Masahiro Tanaka takes the mound today and hopes to do ultimately more than put his New York Yankees up 3-2 against the Houston Astros in the ALCS. The Japanese veteran is pitching not only to take a step closer to the World Series but also to decide his future.
Tanaka has the option to opt out of the final three years of his current contract with New York at season’s end and become a free agent. Doing so would involve leaving $67 million on the table and expecting to land a more lucrative deal on the open market.
Tanaka only has until three days following the end of the World Series to make this decision and even though he’s not showing it or has commented on the matter, it is surely weighing heavily on his mind.
The original contract
Tanaka became a Yankee in December 2013 after New York (and other teams) landed the right to negotiate with him after paying a $20 million posting fee, and their offer of $155 million over seven years proved to be enough to put him in pinstripes. The right-hander went 13-5 with a 2.77 ERA as a 25-year-old rookie but made just 20 starts due to elbow issues. It was later determined that Tanaka had a small tear in his ulnar collateral ligament, but he opted to rehab the injury instead of losing a year to Tommy John surgery.
That proved to be a smart decision. In spite of bumps and bruises along the way, Tanaka pitched to 3.12 ERA over his first three MLB seasons and though he never put up overwhelmingly ace-like numbers, it was looking as though he probably would exercise his opt-out clause after the 2017 season.
A bump in the road
Things changed for Tanaka this season, and not for the better. Hitters were jumping on his pitches a lot more often and in a season that saw a record number of home runs, that affected his stats negatively.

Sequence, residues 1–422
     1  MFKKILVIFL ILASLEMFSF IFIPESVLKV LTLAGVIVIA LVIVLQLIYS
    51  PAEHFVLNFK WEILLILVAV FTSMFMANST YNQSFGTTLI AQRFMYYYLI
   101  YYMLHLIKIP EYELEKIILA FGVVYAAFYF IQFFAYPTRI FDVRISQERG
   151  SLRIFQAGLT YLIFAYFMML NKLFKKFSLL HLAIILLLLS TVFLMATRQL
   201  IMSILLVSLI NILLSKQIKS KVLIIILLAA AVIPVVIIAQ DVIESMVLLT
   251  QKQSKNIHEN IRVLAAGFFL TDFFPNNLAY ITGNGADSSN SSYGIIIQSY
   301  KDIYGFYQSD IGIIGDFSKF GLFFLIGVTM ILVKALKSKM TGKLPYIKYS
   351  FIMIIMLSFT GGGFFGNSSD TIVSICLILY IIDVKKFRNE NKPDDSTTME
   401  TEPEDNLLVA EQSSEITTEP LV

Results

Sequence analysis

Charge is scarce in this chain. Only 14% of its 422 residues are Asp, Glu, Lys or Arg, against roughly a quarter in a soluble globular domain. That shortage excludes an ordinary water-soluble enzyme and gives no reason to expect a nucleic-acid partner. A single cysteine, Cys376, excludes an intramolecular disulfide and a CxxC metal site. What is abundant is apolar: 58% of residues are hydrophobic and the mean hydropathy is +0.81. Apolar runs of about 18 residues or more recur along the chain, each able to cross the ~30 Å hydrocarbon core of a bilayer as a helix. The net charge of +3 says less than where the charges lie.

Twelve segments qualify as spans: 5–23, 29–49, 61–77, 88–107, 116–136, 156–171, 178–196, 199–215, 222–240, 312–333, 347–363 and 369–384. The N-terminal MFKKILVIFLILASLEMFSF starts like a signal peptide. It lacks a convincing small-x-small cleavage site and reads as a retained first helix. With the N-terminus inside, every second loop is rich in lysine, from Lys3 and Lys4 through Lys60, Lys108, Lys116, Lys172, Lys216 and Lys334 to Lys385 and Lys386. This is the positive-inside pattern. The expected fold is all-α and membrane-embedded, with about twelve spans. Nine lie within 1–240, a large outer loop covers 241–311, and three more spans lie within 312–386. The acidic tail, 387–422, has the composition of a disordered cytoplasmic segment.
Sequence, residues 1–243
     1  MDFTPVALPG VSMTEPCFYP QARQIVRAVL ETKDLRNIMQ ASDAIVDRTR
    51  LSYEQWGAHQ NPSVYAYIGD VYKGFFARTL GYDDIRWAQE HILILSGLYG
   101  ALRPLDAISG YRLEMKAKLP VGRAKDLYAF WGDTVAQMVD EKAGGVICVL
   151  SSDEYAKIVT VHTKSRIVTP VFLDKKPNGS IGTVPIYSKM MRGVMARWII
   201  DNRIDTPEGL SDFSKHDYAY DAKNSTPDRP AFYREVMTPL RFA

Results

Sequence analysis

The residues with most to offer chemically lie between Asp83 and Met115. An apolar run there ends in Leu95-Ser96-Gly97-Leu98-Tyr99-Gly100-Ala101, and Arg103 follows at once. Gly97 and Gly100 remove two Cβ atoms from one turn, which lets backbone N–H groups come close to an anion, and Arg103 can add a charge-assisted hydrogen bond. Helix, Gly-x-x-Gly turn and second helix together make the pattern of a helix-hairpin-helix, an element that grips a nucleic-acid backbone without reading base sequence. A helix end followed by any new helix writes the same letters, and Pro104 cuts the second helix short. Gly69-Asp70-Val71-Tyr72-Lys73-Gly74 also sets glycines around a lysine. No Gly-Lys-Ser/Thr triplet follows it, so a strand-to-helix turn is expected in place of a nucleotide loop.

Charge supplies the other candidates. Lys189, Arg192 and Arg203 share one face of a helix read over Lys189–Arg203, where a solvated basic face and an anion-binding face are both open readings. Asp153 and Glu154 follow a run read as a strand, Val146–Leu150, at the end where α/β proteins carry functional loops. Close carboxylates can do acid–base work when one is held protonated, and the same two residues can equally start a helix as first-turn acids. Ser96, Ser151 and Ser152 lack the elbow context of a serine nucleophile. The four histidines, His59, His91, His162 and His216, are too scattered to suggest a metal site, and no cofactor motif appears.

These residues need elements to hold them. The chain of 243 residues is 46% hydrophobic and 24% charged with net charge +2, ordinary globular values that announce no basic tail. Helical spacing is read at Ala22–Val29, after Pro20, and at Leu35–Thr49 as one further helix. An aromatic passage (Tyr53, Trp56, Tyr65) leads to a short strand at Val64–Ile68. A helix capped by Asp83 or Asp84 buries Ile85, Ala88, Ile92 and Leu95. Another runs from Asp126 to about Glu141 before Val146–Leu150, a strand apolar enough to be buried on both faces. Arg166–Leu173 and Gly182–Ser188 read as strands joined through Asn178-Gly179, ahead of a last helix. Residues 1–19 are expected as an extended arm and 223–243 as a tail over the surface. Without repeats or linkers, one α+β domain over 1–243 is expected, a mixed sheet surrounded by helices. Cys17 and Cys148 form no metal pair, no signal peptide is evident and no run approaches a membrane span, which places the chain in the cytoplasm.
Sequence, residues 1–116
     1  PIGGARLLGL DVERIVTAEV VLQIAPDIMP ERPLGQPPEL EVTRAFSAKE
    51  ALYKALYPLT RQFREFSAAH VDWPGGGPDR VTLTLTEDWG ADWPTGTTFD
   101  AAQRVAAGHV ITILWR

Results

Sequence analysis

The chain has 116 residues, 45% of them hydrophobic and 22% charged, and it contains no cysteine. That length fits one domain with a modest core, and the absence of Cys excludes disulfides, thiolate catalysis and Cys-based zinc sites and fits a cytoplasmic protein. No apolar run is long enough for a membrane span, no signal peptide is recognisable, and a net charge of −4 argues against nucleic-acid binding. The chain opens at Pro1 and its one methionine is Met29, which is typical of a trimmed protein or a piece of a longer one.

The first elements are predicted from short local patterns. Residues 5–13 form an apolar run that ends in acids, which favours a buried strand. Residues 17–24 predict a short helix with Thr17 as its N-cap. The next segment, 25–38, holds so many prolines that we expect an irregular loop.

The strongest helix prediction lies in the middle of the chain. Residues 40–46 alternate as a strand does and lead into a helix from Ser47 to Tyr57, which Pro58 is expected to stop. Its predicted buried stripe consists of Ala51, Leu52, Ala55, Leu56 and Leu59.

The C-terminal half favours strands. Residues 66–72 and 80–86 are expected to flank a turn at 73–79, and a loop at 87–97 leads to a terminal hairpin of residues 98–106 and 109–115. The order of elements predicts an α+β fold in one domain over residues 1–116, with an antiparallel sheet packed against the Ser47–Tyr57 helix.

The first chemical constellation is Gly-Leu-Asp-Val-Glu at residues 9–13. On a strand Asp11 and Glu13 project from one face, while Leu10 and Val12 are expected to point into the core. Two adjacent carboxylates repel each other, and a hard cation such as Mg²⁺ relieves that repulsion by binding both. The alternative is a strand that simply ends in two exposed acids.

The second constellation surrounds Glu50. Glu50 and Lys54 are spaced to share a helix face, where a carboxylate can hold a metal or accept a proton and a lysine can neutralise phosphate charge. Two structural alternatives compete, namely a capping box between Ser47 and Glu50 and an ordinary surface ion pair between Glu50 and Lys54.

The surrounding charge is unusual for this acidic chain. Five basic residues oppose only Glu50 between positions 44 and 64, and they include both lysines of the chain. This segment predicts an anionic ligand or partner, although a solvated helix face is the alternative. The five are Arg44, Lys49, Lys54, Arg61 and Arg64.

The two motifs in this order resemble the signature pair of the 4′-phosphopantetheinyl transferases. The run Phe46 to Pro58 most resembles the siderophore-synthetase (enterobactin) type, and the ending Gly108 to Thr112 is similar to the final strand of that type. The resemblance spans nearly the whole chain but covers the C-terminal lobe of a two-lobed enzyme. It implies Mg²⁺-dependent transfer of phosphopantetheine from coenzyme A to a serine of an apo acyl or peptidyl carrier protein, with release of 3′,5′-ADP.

Tanaka went 13-12 with a career-worst 4.74 ERA and gave up 35 home runs in 178.1 innings in 2017. His BABIP jumped from .271 in 2016 to .305 this year. His home run to fly ball ratio skyrocketed from 12% to 21.2% and he didn’t look like his former self. Was his old elbow injury finally rearing its ugly head, or was Tanaka just having terrible luck?
Regardless of the reason, Tanaka turned things around just in time for the playoffs. His splitter was hit or miss all season, so Tanaka has instead focused more on using his slider. This led to him posting a career-high 15 strikeouts in his final start of the regular season, in which he threw seven shutout innings against the Toronto Blue Jays. That form has followed him to the playoffs, and how.
Tanaka is 1-1 with a 1.38 ERA in his two playoff starts this year and the loss is not entirely his fault. It was in Game 1 of this very ALCS and he was up against Dallas Keuchel, the same man who takes the mound for Houston today. New York did not score a single run off Keuchel in that game whereas the Astros scored two runs off Tanaka thanks to a pair of RBI singles in the fourth inning. Tanaka still only gave up four hits in six innings and walked just one, and his start against the Cleveland Indians in the ALDS yielded seven shutout innings against the team initially considered a favorite to win it all.
Tanaka has thus greatly improved his chances of getting a better contract if he does choose to opt out, even if the optics of such would suggest whichever team pays him would be doing so based on his playoff performance.
Either way, in typical pro fashion, Tanaka is not even thinking about his contract right now and will be focused on one thing only: bringing home the win in Game 5.
But the fact also remains that at some point, Tanaka and the Yankees are going to have to address the elephant in the room. Regardless of how that goes down, both parties must trust each other to do what is in their best interests.
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